After $3.8B Spend, Puerto Rico Power Grid Still 'Highly Fragile'

It's almost certain to collapse in the next hurricane
By Newser Editors and Wire Services
Posted May 31, 2018 4:19 AM CDT
After $3.8B Spend, Puerto Rico Power Grid Still 'Teetering'
Workers of the electric repair brigade remove old cables from a post in San German, Puerto Rico, on Wednesday.   (AP Photo/Ramon Espinosa)

After an eight-month, $3.8 billion federal effort to try to end the longest blackout in United States history, officials say Puerto Rico's public electrical authority, the nation's largest, is almost certain to collapse again when the next hurricane hits this island of 3.3 million people. "It's a highly fragile and vulnerable system that really could suffer worse damage than it suffered with Maria in the face of another natural catastrophe," Puerto Rican Gov. Ricardo Rossello says. Another weather disaster is increasingly likely as warmer seas turbocharge the strongest hurricanes into even more powerful and wetter storms, the AP reports. Federal forecasters say there's a 75% likelihood that the 2018 Atlantic hurricane season, which officially begins Friday, will produce between five and nine hurricanes.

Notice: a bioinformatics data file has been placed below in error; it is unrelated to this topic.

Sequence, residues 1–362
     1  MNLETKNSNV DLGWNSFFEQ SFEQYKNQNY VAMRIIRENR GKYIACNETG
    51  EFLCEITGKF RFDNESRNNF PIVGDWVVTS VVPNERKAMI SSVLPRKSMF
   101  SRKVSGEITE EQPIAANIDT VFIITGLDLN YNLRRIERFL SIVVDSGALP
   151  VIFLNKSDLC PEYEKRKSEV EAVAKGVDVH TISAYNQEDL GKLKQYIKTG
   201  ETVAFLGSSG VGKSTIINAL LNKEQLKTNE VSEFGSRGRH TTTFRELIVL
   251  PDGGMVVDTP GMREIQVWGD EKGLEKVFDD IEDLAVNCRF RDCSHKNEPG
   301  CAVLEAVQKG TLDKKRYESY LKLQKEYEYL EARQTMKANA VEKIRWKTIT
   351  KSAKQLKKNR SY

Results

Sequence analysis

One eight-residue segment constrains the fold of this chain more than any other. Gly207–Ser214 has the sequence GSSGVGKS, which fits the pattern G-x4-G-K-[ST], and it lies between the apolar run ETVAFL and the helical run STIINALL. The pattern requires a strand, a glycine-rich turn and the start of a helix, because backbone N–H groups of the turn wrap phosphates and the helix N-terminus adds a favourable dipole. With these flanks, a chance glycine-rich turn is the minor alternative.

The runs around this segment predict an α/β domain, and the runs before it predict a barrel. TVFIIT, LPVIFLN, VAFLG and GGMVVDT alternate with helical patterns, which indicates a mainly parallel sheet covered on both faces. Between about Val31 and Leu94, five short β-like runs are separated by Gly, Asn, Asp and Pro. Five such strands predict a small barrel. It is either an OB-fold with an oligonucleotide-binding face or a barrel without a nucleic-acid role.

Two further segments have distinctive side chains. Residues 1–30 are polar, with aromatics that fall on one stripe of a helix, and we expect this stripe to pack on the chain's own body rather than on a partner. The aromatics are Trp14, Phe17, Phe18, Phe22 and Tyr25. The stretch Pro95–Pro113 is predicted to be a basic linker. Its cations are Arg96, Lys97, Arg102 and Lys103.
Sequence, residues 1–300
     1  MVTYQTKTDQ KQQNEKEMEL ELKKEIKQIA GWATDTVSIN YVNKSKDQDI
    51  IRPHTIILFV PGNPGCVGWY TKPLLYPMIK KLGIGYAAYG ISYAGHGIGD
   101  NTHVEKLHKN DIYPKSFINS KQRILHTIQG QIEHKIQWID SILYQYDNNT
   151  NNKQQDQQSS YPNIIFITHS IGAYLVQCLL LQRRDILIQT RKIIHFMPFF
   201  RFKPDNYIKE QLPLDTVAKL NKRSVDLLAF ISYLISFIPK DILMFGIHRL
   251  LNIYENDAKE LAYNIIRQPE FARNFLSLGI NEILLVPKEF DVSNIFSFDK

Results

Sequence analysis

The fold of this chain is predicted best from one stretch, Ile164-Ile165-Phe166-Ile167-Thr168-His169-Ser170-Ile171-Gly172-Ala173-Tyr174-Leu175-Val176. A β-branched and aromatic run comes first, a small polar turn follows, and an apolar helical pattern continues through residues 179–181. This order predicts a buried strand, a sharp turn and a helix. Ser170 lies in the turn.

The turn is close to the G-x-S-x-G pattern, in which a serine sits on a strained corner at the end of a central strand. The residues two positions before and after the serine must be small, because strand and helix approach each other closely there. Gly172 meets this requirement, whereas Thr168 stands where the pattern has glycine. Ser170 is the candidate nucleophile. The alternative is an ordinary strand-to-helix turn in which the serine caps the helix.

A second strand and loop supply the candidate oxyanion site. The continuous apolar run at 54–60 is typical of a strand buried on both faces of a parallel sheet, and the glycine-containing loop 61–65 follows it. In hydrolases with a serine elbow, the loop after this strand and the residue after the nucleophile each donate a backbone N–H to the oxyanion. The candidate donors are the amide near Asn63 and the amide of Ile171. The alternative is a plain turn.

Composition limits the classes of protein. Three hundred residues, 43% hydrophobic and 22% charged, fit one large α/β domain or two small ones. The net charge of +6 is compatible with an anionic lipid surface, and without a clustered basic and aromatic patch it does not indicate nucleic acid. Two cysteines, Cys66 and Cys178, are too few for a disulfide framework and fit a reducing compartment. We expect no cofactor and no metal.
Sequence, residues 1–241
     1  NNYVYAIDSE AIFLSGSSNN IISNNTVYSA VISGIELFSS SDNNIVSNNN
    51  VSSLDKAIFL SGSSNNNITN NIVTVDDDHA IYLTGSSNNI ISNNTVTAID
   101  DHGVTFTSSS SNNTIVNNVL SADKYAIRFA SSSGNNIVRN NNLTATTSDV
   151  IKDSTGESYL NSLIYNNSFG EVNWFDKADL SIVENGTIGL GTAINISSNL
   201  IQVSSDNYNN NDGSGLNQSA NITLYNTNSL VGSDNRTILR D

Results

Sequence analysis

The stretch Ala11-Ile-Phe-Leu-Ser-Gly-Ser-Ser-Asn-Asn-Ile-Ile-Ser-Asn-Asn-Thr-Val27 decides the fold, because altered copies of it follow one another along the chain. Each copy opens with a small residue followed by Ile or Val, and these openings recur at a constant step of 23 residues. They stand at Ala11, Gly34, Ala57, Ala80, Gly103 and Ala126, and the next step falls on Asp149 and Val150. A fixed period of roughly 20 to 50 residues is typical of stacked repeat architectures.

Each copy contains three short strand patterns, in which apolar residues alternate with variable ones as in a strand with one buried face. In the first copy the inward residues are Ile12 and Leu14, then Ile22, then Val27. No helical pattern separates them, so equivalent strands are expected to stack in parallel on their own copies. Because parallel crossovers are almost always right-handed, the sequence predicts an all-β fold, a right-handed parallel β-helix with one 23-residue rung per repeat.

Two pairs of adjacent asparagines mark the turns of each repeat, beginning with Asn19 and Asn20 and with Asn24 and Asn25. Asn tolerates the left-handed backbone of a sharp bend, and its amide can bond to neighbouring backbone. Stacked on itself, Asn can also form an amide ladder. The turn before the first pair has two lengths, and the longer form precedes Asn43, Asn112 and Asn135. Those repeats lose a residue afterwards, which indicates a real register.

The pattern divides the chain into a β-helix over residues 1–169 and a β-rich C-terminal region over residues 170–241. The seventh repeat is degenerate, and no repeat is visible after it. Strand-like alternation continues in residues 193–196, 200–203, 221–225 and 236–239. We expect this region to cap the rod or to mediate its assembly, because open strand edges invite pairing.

"It's inevitable that Puerto Rico will get hit again," says Assistant Secretary Bruce Walker, head of the US Department of Energy's Office of Electricity, which is planning the long-term redesign of the grid run by the Puerto Rico Electric Power Authority. Despite billions plowed into the grid since Maria hit on Sept. 20, 2017, Puerto Rican officials warn that it could take far less than a Category 4 storm like Maria to cause a blackout like the one that persists today, with some 11,820 homes and businesses still without power. "The grid is there, but the grid isn't there. It's teetering," says Hector Pesquera, Puerto Rico's commissioner of public safety. Federal officials and Puerto Rican leaders blame decades of mismanagement that left the island's power authority more than $9 billion in debt after declaring bankruptcy last year. (A new study says Maria's real death toll was 70 times the official figure.)

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